11Results for "Pennsylvania Chronicle"
Princeton’s Fugitive Slaves
Princeton residents published at least 28 newspaper advertisements for runaway slaves between 1774 and 1818. Each tells a unique story of courage and resistance in the face of tremendous odds.
Student Autograph Books and Collegiate Friendships
Antebellum autograph books reveal the intimate, cross-sectional friendships northern and southern Princeton students formed in the years before the Civil War.
Between 1746 and 1865, about 40% of Princeton students arrived from the slaveholding South. As college leaders recruited elite southerners, enrollment tracked the geographical spread of the slave economy.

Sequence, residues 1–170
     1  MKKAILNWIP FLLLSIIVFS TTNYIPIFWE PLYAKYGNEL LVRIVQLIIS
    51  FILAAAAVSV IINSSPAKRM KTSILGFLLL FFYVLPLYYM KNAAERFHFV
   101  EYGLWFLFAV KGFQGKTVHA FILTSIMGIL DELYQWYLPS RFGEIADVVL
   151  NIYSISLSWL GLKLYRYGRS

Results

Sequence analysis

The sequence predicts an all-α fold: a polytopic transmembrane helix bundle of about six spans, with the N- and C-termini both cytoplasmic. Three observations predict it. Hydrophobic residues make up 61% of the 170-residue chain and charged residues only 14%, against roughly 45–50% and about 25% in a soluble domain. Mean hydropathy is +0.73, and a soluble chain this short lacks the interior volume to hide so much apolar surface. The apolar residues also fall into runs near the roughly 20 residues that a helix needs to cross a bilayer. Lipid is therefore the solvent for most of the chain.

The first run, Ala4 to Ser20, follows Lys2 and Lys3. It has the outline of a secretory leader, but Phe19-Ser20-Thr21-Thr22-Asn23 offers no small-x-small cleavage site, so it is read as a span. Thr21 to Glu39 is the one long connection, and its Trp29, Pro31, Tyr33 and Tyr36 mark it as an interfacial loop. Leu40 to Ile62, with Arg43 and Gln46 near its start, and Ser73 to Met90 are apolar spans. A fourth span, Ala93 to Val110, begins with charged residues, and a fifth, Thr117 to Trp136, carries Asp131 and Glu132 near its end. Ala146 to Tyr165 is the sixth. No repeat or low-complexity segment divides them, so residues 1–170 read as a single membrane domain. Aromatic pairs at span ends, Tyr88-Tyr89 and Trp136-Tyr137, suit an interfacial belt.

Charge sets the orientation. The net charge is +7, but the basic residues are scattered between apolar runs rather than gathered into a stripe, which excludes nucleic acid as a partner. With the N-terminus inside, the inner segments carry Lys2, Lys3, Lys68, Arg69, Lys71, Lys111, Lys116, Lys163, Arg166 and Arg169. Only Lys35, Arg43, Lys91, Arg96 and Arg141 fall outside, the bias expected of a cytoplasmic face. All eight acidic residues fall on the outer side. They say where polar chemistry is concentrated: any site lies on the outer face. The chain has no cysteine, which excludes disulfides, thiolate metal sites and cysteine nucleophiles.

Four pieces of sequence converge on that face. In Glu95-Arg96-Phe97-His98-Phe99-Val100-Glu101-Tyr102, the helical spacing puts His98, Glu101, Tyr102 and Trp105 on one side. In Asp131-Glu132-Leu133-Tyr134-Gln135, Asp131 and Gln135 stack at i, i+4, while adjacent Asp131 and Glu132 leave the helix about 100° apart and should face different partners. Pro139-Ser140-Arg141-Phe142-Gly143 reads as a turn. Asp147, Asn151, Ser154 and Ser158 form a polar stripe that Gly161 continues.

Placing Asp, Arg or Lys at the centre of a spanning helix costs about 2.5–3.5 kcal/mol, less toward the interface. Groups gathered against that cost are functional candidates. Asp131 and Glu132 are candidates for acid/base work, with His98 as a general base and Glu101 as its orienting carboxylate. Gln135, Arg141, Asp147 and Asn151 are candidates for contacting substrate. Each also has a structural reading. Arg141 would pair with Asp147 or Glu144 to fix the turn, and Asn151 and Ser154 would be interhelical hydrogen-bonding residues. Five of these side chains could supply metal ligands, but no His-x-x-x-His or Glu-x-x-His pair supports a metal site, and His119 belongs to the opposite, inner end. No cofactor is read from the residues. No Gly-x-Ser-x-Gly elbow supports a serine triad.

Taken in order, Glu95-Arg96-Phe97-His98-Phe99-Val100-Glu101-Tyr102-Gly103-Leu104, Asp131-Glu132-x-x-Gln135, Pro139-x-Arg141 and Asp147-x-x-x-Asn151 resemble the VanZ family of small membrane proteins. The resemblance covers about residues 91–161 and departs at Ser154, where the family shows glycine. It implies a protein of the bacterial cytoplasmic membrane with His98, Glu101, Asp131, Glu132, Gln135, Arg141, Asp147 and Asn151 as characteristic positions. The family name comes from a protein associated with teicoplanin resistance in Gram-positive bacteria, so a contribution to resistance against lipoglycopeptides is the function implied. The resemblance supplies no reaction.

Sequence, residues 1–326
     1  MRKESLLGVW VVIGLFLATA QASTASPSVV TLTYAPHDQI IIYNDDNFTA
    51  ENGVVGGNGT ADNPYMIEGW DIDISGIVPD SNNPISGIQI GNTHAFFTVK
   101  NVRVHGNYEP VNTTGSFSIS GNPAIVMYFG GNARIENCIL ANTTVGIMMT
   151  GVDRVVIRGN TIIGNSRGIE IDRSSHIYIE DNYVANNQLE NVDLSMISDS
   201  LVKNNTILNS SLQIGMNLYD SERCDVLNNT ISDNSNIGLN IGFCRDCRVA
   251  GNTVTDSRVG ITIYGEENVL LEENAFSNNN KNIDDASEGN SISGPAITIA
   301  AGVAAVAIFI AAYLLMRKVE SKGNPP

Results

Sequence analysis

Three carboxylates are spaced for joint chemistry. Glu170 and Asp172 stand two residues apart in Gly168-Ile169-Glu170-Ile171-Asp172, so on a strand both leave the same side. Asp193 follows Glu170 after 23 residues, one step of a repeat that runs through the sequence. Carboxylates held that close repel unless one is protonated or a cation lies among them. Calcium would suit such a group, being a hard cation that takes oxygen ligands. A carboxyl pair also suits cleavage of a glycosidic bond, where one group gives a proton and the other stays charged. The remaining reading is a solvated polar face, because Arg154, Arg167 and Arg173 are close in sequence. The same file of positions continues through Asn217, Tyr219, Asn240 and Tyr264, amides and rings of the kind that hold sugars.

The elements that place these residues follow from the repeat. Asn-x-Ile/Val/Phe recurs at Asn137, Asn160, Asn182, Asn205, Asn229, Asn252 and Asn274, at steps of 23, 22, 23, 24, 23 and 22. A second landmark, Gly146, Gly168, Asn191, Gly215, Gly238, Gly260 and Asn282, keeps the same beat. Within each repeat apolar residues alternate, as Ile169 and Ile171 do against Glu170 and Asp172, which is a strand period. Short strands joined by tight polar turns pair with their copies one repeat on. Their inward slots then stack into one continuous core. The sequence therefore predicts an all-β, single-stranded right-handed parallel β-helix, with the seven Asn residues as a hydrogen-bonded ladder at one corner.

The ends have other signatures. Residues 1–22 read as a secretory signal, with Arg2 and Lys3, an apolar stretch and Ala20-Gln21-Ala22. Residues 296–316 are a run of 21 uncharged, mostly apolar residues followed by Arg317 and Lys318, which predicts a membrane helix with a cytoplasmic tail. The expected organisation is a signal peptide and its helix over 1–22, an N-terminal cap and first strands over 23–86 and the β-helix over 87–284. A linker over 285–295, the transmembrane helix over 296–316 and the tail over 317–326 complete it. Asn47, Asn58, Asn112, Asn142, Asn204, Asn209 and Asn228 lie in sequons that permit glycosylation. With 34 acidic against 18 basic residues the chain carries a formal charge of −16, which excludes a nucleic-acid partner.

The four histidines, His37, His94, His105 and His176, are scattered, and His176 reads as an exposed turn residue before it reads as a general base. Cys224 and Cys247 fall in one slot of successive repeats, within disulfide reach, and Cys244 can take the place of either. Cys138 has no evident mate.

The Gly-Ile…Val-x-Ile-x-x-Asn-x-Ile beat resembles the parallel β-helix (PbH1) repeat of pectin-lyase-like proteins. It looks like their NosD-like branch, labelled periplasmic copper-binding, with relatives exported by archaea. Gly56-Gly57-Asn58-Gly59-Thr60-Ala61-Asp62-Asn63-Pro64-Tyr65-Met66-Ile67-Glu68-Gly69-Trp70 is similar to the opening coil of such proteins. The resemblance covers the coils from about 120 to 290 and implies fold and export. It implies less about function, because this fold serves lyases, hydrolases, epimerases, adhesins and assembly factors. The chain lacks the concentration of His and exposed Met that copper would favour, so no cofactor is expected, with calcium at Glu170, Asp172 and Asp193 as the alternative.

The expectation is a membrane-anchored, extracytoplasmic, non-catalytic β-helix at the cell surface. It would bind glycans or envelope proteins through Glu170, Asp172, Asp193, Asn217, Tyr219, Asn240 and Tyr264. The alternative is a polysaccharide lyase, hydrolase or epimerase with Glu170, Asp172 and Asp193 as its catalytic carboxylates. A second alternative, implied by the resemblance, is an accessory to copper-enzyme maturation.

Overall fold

African Americans on Campus, 1746-1876
African Americans were a constant presence at the College of New Jersey as servants, support staff, research and teaching assistants, and students. They labored under harsh conditions on a campus dominated by racism and white supremacy.
Princeton and Abolition
Princeton’s faculty and students actively opposed abolition, creating a climate of fear and intimidation around the subject during the 19th century. Although some Princeton affiliates were critical of slavery, the institution demonstrated a catastrophic failure of leadership on the greatest moral question of the age.
Burning a Fugitive Slave
A letter from Princeton, dated 28 October 28 1767, describing the burning of fugitive slave Cuff.
"A Negro fellow, Cuff"
Advertisement for an enslaved man who ran away after attacking his master.
Sketch of Princeton in 1847
Sketch of Princeton in 1847 by 19th century folk artist Lewis Miller.